Starting at 6 AM (photography in this light was a treat) the lap lap was made on Sunday morning by the women and children from the extended family for lunch following a session in Church.

With no fridge available two chickens were freshly slaughtered for the occasion and were plucked by the children. Aside from the lap lap faol seen here (chicken), other versions are dakdak (duck), fis (fish), mit (meat), taro, maniok (cassava), yam and banana. There are also regional variations.

 

GoodBuzz in Wainuiomata

Kombucha, booch and SCOBY are new words in my vocab after a visit to photograph the GoodBuzz soft drink factory in Wainuiomata. The GoodBuzz process combines sugar, tea and water (from the Te Puna Wai Ora artesian aquifer in Petone) with the SCOBY (symbiotic culture of bacteria and yeast) and turns into an effervescent, healthy, non-alcoholic  drink.

In the short time GoodBuzz has been operating they already have  five kombucha brews in more than 60 cafes in Wellington, Christchurch, Hawkes Bay, New Plymouth and Nelson, and recently have been included in Auckland’s Nosh outlets.

The drinks come in five flavours - Origins, Green Jasmin, Lemon and Ginger, Jade Dew and Feijoia. A new brew made with coffee cherry (the outer red skin of  discarded coffee beans from  Go Bang in Petone)  with an amazing light apple flavour is coming soon.

Each  brew takes 8-10 days to ferment and another 7-10 days of bottle conditioning before heading out the door. The best before date is four months unchilled (a bonus when there is space restrictions in the fridge), and can be extended to nine months if refrigerated.

Another buzz emanating from the factory came from discovering owner Alex Campbell and I grew up in the same small Northland town – Kaikohe. This is where Alex’s first memories of kombucha came from – his grandmother Amy made what she called Manchurian Mushroom tea in the 1970’s. Kaikohe Kombucha - who would have thought?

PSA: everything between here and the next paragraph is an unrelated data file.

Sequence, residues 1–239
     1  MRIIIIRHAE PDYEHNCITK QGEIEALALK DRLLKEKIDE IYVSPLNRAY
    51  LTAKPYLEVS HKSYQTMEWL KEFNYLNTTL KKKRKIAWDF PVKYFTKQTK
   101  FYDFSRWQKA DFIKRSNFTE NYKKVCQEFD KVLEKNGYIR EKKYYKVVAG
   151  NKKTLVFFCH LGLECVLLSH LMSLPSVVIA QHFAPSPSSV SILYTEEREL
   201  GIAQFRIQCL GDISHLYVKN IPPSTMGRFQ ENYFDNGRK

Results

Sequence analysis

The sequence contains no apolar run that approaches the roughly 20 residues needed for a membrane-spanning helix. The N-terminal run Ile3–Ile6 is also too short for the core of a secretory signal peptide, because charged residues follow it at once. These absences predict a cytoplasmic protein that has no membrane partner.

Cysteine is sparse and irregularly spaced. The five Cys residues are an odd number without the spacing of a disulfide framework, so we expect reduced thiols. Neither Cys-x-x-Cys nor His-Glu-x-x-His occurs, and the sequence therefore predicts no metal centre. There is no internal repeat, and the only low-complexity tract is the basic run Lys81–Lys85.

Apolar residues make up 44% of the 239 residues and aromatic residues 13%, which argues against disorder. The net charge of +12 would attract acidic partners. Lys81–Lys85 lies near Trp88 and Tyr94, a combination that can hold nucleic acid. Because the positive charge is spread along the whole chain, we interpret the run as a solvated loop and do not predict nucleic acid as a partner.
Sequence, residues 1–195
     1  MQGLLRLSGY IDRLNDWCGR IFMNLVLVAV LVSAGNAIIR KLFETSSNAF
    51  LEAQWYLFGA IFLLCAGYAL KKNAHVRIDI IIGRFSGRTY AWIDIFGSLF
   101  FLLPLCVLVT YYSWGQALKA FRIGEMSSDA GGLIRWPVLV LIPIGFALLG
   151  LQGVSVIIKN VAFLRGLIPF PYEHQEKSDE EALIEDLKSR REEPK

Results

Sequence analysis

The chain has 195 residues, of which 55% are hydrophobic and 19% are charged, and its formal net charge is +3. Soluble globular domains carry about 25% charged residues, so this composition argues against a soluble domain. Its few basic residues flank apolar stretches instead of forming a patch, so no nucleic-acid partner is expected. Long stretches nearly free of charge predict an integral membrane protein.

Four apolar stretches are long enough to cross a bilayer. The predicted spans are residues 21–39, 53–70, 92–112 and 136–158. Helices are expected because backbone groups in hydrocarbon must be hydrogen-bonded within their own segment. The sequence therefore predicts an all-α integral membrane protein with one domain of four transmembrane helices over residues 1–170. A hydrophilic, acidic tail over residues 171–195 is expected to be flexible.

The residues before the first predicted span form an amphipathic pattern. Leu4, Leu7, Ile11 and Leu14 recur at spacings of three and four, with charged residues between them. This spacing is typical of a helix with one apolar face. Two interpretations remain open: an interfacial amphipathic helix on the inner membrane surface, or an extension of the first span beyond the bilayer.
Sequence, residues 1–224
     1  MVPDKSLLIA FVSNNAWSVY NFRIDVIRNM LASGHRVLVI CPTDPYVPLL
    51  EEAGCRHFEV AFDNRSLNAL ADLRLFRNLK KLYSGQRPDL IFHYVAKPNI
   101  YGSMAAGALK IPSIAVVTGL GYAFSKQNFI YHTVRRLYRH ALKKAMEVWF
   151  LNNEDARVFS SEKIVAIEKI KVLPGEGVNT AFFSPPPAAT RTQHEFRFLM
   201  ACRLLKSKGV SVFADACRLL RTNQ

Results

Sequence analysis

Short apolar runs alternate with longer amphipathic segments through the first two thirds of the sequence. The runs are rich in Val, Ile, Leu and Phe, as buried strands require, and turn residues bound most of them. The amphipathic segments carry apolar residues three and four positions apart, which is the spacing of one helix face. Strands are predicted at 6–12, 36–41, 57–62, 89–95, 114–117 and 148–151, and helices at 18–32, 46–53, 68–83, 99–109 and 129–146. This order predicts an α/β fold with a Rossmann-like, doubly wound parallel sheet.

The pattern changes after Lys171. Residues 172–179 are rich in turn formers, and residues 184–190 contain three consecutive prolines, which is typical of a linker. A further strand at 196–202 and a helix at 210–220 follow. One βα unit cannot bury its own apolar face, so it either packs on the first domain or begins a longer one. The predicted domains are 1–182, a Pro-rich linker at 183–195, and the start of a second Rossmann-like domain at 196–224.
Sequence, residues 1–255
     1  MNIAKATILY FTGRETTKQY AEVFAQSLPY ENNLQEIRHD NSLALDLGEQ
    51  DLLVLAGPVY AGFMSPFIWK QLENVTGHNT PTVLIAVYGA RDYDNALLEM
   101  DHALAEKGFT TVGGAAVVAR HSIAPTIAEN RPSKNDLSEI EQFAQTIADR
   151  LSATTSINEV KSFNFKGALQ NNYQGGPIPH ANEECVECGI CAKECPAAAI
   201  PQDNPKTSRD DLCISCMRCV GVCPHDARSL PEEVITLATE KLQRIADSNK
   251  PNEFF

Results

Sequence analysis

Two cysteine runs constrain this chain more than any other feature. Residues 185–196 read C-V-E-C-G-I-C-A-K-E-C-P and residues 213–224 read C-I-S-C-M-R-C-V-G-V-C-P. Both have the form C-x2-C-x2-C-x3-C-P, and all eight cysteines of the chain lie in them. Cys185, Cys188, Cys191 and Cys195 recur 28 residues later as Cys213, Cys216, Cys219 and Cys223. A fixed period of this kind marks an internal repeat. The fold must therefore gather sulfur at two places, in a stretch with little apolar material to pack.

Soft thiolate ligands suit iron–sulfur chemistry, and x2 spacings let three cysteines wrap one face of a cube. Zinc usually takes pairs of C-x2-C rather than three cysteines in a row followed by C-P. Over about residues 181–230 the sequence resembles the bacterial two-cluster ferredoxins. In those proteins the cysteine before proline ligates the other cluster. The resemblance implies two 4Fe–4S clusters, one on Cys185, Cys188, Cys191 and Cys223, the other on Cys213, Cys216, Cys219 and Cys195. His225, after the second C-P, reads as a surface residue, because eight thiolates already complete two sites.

Buying Local Food | Murray Lloyd Photograph

The markets will be crammed with lovely fresh produce now spring has arrived and in NZ we can find locally produced food easily. Not so elsewhere.

In Britain, a local government report said a quarter of food could not be verified as local in one county. In North Wales only half the meat sold as Welsh lamb was found to be Welsh and in an English restaurant "Hampshire spring lamb" was sold which was actually from New Zealand.

In Canada the government have changed the criteria on what constitutes local. The government say the food just has to come from within the same province to be called local. In Canada this could mean a 1500km journey. Previously a 50km radius was deemed local.  Here is a funny take on local food.

Oritain is a New Zealand company based in Dunedin specialising in food verification. Their mission statement states Oritain can independently and scientifically verify the origin of food products to a forensic standard. The consumers in Canada and Britain would clearly benefit from their services.

 

Italian Flavours in Paraparaumu | Murray Lloyd Photography

Basil grown from seed in full sunshine, Isle of Capri tomatoes freshly plucked from the garden and fresh buffalo mozzarella - Insalata Caprese -  It is quite simply one of the greatest pleasures of summer and is one of my favourite dishes . The flavours and textures work together brilliantly - here's to Italian food.

Caprese salad photographed from above with coloured glass and green platter.
Caprese salad photographed from above with coloured glass and green platter.